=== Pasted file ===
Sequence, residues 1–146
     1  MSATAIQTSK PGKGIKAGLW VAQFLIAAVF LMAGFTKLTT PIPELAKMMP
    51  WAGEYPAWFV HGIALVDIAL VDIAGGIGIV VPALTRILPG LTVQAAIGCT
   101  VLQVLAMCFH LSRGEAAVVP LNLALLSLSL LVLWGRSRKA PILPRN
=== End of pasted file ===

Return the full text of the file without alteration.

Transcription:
Sequence, residues 1–146
     1  MSATAIQTSK PGKGIKAGLW VAQFLIAAVF LMAGFTKLTT PIPELAKMMP
    51  WAGEYPAWFV HGIALVDIAL VDIAGGIGIV VPALTRILPG LTVQAAIGCT
   101  VLQVLAMCFH LSRGEAAVVP LNLALLSLSL LVLWGRSRKA PILPRN